On November 13, 2006, the Agreement was executed on behalf of HCB and Simple Solutions by Dennis Kleinfeld ("Kleinfeld"), manager of HCB and Simple Solutions. Kleinfeld executed the Agreement in Barbados. (Armstrong Decl. 2-3, ¶ 13, July 30, 2007.) On November 14, 2006, Armstrong executed the Agreement on behalf of Oversee.net. Armstrong was in California at the time. (Hudson Decl. 3, ¶ 15, Aug. 19, 2009.)
Pursuant to the Agreement, DomainSponsor agreed to place internet websites containing advertising links at each of HCB's domain names. Revenue was to be derived from internet users clicking on the advertising links. Under the terms of the Agreement, DomainSponsor agreed to pay Simple Solutions, as agent for HCB, a commission for each internet user that clicked on the links. The commission was to be paid every two weeks.
Simple Solutions provided Oversee.net with a Virgin Islands mailing address for FirstBank, Virgin Islands. Thereafter, between November 21, 2006, and December 22, 2006, Oversee.net made four wire transfers of funds into Simple Solutions' bank account at FirstBank, Virgin Islands. The receipt for the wire transfer of funds indicated that funds were sent through FirstBank, Puerto Rico. (Pl.'s Resp. To Df.'s Mot. Ex. A 5.)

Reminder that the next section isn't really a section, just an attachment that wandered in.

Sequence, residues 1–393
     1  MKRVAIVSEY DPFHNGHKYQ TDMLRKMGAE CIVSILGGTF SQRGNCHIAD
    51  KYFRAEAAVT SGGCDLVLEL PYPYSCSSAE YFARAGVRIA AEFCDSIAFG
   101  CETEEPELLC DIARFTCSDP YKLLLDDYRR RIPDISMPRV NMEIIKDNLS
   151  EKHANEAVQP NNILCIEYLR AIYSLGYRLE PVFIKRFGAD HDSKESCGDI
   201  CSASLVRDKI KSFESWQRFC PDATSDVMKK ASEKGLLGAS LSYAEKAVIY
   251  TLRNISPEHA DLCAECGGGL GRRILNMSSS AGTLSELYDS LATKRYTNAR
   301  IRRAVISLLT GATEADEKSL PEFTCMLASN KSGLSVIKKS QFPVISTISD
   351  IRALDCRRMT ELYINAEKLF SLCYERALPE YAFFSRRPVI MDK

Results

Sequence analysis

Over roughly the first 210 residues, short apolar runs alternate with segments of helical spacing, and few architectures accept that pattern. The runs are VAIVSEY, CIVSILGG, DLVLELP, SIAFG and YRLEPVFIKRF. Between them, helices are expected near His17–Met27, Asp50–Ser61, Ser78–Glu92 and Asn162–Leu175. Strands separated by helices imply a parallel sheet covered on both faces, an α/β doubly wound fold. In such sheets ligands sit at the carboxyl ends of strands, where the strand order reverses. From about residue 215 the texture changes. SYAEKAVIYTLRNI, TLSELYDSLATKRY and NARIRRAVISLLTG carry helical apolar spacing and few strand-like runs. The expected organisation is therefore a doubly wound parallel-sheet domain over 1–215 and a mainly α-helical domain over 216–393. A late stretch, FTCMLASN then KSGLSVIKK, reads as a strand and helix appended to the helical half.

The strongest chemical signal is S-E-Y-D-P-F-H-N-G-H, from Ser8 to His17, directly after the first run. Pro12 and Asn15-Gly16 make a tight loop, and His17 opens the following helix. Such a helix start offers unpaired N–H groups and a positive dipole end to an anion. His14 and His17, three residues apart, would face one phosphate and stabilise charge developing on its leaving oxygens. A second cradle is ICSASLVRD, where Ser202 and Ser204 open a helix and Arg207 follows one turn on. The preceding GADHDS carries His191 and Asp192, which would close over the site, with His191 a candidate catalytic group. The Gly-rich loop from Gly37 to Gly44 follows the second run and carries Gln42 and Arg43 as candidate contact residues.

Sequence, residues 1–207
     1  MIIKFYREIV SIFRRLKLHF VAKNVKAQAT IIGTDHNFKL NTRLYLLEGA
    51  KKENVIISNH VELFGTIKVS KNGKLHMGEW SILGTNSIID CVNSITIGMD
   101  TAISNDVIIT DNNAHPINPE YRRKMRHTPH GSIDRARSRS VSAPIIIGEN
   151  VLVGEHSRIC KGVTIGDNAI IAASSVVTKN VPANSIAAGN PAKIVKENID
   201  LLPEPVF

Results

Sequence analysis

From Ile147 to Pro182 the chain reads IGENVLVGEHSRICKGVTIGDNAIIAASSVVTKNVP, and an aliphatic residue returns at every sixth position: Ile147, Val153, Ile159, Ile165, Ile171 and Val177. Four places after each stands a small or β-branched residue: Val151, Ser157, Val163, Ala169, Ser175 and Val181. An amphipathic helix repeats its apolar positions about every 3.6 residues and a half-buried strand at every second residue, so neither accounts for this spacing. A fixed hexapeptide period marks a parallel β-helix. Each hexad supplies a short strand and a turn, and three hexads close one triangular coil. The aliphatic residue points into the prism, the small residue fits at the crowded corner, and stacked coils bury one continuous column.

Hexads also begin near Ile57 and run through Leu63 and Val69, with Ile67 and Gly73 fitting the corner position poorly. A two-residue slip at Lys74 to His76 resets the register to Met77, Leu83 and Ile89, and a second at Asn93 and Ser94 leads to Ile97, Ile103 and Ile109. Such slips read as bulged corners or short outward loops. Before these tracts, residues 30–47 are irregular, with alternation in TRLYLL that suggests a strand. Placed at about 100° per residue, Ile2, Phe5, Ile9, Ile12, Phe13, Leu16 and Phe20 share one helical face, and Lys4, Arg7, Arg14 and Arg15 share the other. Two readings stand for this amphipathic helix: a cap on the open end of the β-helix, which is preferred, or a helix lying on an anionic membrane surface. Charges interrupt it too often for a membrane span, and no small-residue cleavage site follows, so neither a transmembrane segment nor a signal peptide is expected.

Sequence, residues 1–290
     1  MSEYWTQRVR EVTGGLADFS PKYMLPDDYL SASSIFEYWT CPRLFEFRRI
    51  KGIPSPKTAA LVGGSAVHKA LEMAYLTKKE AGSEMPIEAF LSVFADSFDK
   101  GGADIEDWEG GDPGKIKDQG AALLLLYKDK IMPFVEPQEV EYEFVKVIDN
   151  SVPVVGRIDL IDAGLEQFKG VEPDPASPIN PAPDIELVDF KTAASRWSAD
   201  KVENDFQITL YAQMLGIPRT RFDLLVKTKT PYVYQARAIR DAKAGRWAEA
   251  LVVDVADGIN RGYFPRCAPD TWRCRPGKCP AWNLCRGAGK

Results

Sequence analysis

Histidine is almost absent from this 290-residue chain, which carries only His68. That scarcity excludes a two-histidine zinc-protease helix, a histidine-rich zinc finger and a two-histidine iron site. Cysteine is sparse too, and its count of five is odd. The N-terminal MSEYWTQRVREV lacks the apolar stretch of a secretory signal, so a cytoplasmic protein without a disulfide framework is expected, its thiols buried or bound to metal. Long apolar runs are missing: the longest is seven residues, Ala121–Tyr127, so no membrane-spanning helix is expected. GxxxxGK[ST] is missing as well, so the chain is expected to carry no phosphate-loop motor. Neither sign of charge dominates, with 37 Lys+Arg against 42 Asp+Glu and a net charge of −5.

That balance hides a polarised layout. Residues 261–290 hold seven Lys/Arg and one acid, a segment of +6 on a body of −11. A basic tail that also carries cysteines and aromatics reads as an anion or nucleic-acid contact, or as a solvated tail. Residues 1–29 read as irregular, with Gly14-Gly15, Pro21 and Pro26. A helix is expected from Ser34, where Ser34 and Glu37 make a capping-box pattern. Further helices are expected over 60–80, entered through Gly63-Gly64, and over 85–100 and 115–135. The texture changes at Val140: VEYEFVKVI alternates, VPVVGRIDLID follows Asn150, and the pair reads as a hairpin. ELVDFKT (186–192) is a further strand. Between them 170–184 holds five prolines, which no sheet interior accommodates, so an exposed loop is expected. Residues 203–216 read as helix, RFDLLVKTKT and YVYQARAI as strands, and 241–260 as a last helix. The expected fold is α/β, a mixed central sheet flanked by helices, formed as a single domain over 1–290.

On November 30, 2006, Hudson emailed Sheridan and asked him to change the administrative contact information for Simple Solutions to make Hudson the contact person. The address that Hudson provided was in the Virgin Islands. Hudson thereafter received a reply email stating that her requested changes had been made. (Hudson Decl. 3, ¶¶ 17-18, Aug. 19, 2009.)
On February 12, 2007, HCB and Simple Solutions commenced this action against Oversee.net, alleging that it has refused to pay commissions owed under the Agreement.
Technically, Oversee.net's motion to dismiss asserts a challenge to this Court's subject matter jurisdiction over this matter as well as to this Court's personal jurisdiction over Oversee.net. It argued that the face of the complaint did not reveal the citizenship of the parties for purposes of establishing diversity jurisdiction under 28 U.S.C. § 1332 ("Section 1332"). However, subsequent to the filing of the motion, the plaintiffs were granted leave to amend their complaint to address Oversee.net's concern with respect to citizenship. Now, the First Amended Complaint clearly reveals that the parties are diverse in citizenship. Furthermore, the parties agree that the amount in controversy exceeds $75,000. Thus, subject matter jurisdiction is appropriate under Section 1332.